It is not the mentor’s job to follow-up with you and schedule meetings etc. It is up to the mentee to proactively pursue building a relationship with their mentor. When you make the initial ask, probe to find out how often would it be ok to meet or have a phone call. Then schedule a consistent pattern based on their answer. Be persistent in the beginning until an easy rhythm begins to form.
Evaluate the relationship.
After you have met with your Christian mentor several times you should assess the fruit. Do you feel you have grown? Are you learning? Do you get uplifted and encouraged? These are indicators that the relationship is a healthy one and you should continue to develop it. If you are not seeing much fruit or it has proven to be extremely difficult to get your mentor to engage then it is time to break off the (mentor/mentee) relationship.
Be willing to be mentored from afar.
I have several “distant” Christian mentors. These are people that I don’t know personally but I desire to emulate their life. These are powerful women of faith that are writers, speakers, and podcasters some of whom you would know by name. I don’t have access to them directly but I can engage with them through social media, books, and listening to their content. Michael Hyatt offers some other suggestions on how to find a mentor.
Finding a good Christian mentor is a process. Developing a fruitful relationship where someone agrees to coach you through a season requires commitment from both you and the mentor. Be patient. Make sure you have clear goals, prayerfully select the person, wait for the right timing and make the ask. A Christian mentor can help you build faith habits that can change your life. I want to encourage you not to give up looking if you still haven’t found the right fit. I’d love to hear about your own experiences with mentors? What did they help you do? How were they good, bad, awful? Leave a comment below and I’ll be sure to reply.
My husband and I have almost always attended a large church but have been able to find our people and make it feel like home. Our first church home was Oasis LA which at the time had an average service size of about 6000. Then we moved abroad and attended Hillsong in London which had a whopping 10k attendees per weekend across all campuses. We currently go to Hillsong Church in Phoenix which hosts just over 8k each week. It’s easy to get lost when there are so many faces in the crowd. In every church we were able to find friends and feel connected to what was happening. We learned a few tips that help to make a big church feel small.
What to do when you feel like a number at church.
Arrive Early, Stay Late.
It can be really tempting to sneak in after the first worship song and leave before the service ends. Afterall, you want to beat the brunch crowd right? If you want brunch...eat brunch. If you want a community in a huge mega church...hang around. The more you loiter in the lobby the more likely you are to make a connection. Hosts are typically your best bet to find out what’s happening in the life of the church. They are most available before the rush to get through the doors or after the mass exodus once service is dismissed. Try to have a meaningful conversation for three straight weeks before you decide if this is a place you can get plugged in or not.
Sit in the same spot each week.
How do you become a “regular” at a restaurant or bar? You go to the same place on the same day at nearly the same time consistently. Over time the hostesses, bartenders, and servers will start to recognize you and call you by name. The same is true in church. When you sit in the same spot you will begin to notice some similar faces week after week. This is a chance to get to know them. If you really want to up the game, after a few weeks invite some church “neighbors” to lunch!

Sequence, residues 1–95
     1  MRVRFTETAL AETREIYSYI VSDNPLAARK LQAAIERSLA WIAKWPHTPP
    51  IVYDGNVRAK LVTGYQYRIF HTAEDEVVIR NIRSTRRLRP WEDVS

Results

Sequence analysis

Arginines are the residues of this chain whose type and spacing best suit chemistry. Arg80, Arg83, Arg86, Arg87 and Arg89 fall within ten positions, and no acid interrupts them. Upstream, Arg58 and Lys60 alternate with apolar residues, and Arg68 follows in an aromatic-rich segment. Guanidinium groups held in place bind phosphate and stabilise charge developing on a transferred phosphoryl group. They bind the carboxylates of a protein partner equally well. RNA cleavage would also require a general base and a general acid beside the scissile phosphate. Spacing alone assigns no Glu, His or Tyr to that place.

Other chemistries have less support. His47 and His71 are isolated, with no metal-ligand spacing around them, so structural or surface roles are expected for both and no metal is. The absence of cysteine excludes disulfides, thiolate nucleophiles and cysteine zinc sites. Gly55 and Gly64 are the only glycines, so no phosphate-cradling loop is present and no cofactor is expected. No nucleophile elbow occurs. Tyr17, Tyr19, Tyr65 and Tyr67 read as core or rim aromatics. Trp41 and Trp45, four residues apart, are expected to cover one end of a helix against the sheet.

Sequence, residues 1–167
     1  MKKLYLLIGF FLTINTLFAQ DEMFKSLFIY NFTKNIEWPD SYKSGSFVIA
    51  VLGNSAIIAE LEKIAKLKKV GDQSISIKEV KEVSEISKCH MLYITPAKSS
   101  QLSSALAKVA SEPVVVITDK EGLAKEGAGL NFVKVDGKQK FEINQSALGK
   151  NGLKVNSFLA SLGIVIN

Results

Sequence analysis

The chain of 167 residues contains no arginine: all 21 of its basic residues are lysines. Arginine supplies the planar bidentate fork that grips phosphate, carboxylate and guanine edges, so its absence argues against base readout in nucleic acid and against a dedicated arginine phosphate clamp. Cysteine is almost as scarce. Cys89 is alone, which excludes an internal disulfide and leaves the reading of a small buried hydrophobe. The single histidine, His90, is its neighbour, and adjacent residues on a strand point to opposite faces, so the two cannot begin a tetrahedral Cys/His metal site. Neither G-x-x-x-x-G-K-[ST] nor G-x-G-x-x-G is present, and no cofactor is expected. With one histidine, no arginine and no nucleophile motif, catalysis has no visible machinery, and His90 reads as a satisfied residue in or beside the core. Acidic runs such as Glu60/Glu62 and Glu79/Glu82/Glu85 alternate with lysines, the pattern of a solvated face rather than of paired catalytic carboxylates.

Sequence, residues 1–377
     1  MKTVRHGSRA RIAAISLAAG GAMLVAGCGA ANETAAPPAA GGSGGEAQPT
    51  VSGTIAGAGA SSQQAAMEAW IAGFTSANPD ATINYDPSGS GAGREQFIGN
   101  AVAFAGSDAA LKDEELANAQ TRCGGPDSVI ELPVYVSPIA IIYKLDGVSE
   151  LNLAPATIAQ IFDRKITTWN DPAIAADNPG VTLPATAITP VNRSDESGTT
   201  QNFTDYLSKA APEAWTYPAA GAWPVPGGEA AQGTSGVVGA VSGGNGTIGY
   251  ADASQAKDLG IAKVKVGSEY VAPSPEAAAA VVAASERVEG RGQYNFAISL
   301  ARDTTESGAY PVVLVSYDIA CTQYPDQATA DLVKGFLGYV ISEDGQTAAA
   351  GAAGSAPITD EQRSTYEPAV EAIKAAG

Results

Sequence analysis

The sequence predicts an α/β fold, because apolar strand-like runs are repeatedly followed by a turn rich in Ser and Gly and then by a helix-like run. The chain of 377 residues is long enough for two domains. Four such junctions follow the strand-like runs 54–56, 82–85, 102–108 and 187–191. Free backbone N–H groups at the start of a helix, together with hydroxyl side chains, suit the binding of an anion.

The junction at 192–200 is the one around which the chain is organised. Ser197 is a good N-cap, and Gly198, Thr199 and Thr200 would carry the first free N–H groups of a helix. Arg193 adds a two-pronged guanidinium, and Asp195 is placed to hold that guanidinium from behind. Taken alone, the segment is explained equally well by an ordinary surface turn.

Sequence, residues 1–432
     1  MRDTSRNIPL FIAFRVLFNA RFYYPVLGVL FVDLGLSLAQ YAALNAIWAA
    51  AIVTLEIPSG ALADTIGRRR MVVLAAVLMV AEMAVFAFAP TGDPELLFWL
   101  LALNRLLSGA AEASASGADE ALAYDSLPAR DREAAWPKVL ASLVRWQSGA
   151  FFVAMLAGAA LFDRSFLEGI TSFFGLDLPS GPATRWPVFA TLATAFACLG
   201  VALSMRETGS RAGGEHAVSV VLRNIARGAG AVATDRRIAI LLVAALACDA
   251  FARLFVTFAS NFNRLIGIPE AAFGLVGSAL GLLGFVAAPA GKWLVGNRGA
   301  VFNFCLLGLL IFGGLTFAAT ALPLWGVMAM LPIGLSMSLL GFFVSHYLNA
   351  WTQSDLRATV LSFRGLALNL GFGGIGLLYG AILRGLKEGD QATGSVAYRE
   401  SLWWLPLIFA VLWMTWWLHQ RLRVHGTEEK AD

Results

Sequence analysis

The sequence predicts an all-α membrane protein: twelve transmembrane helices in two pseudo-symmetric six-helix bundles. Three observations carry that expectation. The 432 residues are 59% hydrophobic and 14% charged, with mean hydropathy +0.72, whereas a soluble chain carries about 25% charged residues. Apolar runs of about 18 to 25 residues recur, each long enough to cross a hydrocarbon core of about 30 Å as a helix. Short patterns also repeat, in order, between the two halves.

Take a class.
If there is a new-to-church class or a bible study that sounds interesting, sign up! Even if you have already gone over similar material. Classes are perfect environments to find like minded individuals that are seeking the same thing or in the same seasons of life. Alex and I have found some of our greatest friends in life from our pre-marriage course we took. Over 14 years later and we are still regularly interacting.
Join a small group.
Most large churches have some version of a small group. We call ours “Connect Groups,” because that is what they are intended to do is to connect people. Find out how you can get in touch with a small group that sounds interesting. For example, if you are a new parent find out if there is a young families connect group? This is one of the best ways to help you not feel like a number at church. Eventually, you will know people, sit with them, go to lunch after service, celebrate with them etc.
If you want the quickest and probably the best thing to do when you feel like a number at church. Offer to volunteer on a team. Alex and I make a habit of serving in our church in whatever area there is a need. When we moved to each new church we introduced ourselves to hosts and asked how we can get involved serving. As soon as we got plugged into a team we were put in touch with leaders of the church. When you know the leaders of a church you no longer feel like a number. In addition to this benefit we also were some of the first to know when new events and opportunities were coming up in church life. When you serve you become an “insider”!
Big churches are intimidating. However, if you are willing to put yourself out there and get to know a few people a big church can begin to feel like your home. The beauty of a large church is that they have big numbers of people! It’s easier to find your tribe when there are more folks to choose from. Start by hanging out before and after service and sit in the same area for a few weeks. Try and find a small group or class to meet people in a similar season or geographic location to you. Lastly, and most importantly consider serving on a team. If you take these steps I am confident you will stop feeling like a number at church. How have you found your place in a a large church? What was the thing that helped you get plugged in? I’d love to hear your thoughts in the comments below.